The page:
POZlife

POZLife: Life from the Infected and Effected point of veiw.

One Tough Pirate

Posted by pozlife on May 10, 2006

May 2006

 

 

Who: Bob Bowers
Hometown: Madison, Wisconsin
Age: 42
Diagnosed: 1984Bob Bowers, who appears on POZ’s May 2006 cover, tours the country speaking to students through his organization, HIVictorious (www.hivictorious.org). Or check out his more personal website at www.onetoughpirate.com.

How did you get involved with public speaking?

When
I was diagnosed, I was living with my girlfriend, and we were both
using IV drugs. I didn’t get a ton of support right away from my
friends and family, so I went to the AIDS Project Los Angeles. I was
one of their first clients. Someone there recommended that I go speak
at a high school. It was weird standing on a stage and saying I have
AIDS. But the students gave such a warm response to something that was
supposedly so shameful. I realized sharing my story was empowering, so
I kept doing it.

Did you date much after your diagnosis?

I
broke up with my girlfriend, who had stayed negative, and for the first
year or two, I felt dirty or shameful. But eventually, I realized I
could kiss and have intimacy just like anyone else. But I was still
this 21-year-old kid trying to explain HIV to negative women. I would
be out on a date, and they would start talking about marriage and
having a family, and my heart would just sink. My support group was all
gay men, and while they were amazing, I couldn’t really talk
about those issues, and I started to feel completely alone. Then around
1990, I found a support group for heterosexuals. But that group really
taught me how to live with HIV. I remember saying to one guy,
“You’re going to die, and you’re not even 30.”
He said, “Bob, it’s quality, not quantity, of time.”
He was right. I think I’ve lived a more full and incredible life
than most people could ever hope for.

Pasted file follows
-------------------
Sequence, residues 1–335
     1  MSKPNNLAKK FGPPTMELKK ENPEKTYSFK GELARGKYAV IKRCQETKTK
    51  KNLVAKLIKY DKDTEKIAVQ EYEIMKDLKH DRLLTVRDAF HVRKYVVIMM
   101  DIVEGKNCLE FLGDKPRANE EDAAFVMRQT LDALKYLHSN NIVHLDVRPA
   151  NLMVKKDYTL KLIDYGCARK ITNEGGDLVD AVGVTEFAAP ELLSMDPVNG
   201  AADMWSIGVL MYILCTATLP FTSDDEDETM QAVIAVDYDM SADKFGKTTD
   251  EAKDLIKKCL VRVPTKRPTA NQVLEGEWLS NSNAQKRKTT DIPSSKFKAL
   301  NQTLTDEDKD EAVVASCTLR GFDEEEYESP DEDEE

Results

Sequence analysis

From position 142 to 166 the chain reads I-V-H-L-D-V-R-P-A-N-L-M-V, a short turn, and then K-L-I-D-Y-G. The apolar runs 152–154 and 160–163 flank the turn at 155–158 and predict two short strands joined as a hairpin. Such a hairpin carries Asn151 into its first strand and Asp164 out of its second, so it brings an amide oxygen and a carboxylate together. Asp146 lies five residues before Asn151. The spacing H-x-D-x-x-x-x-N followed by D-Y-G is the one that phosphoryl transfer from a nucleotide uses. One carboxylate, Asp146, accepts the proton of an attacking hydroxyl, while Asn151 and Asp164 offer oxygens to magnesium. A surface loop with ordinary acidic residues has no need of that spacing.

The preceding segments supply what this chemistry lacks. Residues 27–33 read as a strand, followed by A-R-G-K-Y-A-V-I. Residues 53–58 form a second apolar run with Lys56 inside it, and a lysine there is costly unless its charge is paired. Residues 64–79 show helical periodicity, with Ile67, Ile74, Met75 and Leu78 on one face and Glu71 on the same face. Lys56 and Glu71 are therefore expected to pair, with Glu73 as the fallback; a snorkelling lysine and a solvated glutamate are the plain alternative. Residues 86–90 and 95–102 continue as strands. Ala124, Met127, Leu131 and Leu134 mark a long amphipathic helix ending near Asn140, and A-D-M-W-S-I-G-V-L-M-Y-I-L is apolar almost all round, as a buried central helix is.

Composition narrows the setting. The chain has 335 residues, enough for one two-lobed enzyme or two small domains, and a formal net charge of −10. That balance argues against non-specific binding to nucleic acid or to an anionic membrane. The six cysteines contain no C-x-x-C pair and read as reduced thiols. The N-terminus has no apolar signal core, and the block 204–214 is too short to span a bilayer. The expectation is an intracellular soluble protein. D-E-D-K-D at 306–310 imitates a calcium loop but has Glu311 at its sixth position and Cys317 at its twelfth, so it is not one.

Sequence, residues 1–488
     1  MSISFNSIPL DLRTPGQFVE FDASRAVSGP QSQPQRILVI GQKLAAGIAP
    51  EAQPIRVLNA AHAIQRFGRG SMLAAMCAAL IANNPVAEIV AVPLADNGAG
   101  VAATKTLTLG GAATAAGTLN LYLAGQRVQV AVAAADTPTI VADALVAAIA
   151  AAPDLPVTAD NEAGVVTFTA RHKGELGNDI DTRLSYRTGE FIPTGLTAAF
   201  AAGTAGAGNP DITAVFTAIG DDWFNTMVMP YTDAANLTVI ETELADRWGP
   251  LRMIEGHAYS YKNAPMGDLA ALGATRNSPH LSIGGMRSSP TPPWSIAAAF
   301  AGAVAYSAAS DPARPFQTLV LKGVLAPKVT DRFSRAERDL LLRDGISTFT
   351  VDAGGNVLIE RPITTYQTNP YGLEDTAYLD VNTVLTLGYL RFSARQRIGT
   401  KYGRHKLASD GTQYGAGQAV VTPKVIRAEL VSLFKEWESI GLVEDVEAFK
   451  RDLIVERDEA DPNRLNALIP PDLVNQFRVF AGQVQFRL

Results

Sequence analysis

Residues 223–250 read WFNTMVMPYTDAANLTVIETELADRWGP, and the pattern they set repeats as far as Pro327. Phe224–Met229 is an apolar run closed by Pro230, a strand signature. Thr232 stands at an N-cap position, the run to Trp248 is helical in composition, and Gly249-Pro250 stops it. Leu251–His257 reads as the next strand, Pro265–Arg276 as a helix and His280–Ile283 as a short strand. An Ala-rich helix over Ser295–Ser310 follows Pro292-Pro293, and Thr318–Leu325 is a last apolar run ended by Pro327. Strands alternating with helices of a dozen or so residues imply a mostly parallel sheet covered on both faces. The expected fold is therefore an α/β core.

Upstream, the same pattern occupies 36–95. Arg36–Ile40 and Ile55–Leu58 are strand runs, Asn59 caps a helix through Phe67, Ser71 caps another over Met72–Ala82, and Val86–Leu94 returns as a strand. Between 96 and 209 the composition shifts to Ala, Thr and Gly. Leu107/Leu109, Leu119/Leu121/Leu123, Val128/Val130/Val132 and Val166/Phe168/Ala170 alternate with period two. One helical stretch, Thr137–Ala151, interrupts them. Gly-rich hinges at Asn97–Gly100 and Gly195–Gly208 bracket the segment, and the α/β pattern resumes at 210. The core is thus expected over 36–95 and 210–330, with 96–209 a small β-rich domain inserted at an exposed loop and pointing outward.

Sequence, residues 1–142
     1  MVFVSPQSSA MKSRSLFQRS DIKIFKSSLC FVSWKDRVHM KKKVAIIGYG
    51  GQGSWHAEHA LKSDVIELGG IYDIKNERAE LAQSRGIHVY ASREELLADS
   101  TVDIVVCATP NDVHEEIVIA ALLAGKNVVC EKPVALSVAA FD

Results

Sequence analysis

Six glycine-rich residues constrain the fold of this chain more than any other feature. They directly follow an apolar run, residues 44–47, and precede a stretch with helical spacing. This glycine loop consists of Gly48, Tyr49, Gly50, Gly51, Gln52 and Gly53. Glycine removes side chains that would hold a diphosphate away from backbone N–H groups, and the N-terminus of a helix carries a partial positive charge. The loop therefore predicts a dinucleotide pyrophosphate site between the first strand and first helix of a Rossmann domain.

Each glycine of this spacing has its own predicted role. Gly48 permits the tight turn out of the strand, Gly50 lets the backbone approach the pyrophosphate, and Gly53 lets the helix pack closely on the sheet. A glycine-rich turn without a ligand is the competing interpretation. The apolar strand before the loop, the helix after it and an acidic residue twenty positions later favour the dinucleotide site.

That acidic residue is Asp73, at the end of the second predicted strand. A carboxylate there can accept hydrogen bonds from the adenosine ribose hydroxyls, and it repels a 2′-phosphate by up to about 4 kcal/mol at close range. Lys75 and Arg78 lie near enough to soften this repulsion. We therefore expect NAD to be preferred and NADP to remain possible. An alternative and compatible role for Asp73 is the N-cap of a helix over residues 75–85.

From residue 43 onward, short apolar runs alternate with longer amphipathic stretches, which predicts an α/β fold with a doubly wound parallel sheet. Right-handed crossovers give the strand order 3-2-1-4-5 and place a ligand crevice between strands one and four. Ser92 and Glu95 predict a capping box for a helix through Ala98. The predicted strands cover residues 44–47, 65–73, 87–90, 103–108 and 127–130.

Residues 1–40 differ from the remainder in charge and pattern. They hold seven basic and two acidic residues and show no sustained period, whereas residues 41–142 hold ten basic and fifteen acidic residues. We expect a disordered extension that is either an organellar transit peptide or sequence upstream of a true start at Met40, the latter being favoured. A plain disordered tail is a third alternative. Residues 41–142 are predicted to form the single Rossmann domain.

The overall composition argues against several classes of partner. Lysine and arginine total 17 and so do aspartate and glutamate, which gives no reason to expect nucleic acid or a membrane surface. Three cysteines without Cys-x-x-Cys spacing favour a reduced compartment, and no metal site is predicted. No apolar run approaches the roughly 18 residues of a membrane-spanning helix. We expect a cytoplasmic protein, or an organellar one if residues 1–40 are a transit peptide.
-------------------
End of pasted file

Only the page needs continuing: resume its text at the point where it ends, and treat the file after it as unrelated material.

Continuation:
What has your experience been with all the changing treatments over the past 20 years?

After
so many years of living with no hope, it was still bittersweet when AZT
first came out. Prior to AZT, I had tried all kinds of alternative
treatments. One day, I went to the gym and was told that my friend Tom,
who had been taking AZT, had died of liver failure. That was the first
time I realized how toxic these lifesaving medications can be.
I’ve experienced side effects, from nausea to neuropathy to
severe depression. For a while I couldn’t adhere, and as a
result, I’m resistant to a lot of drugs. But that’s
changed, and now I can count the number of doses I’ve missed in
the past two years on one hand. Plus, the number of pills I have to
take each day has gone down to nine.

Where did the name “One Tough Pirate” come from?

I
was hanging out with this cop who also rode motorcycles. I had a legal
prescription for marijuana, but I was 240 pounds and heavily tattooed.
I was afraid if I ever got pulled over, a cop would be like
“Yeah, right, you have AIDS,” because of the way I look. I
asked Clark, the cop, about it, and he said, “Yeah, unfortunately
the world operates in the way you look over reality, and if I saw you
while on patrol, I would think you looked like a pirate that ate small
children.” But then he said that if I opened my mouth and was as
kind and calm as usual, they would believe me. So I went home and told
my wife I looked like a pirate. And I thought that whole
“don’t judge a book by its cover” lesson was really
important for my speeches to kids about HIV. So I made it my website. I
have pages and pages of letters that people have written me on it. They
are heartfelt and poignant. I don’t put them up to toot my own
horn but to show people the beauty of being honest and sharing your
life story.

Why did you and your ex-wife agree to be the subjects of The Fire Within documentary, released in 2003?

My
wife was going to pedal in the California AIDS ride and I was going to
crew. We were at a meeting for the ride, and this beautiful woman came
up to us and asked if we wanted to be in her documentary. We went home
and talked about it and decided to do it. She followed us throughout
the ride and in our home life for about a year. It’s a very
vulnerable position to have someone filming you when you are sick and
to trust them to tell your story with heart and compassion. The film
was in some film festivals, like Edinburgh and Leone. I saw it at the
LA premiere, and I had goosebumps. After watching so many friends die,
I had told myself, I’m not going to die without leaving my mark
and making a difference. It was like I had been immortalized. I could
have just floated out of the room.

Is it true that you get a tattoo for every year of survival? What’s next?

I
have 26 tattoos, and some are just dumb or from a biker rally. But most
of them mean something. I have a blue bird with RIP written on it for
the 20th anniversary of AIDS. Next, I want to get a phoenix on my back,
rising.

Email to a friend

Great Story form POZ Mag this month and Damn ain't he hot!

POZlife

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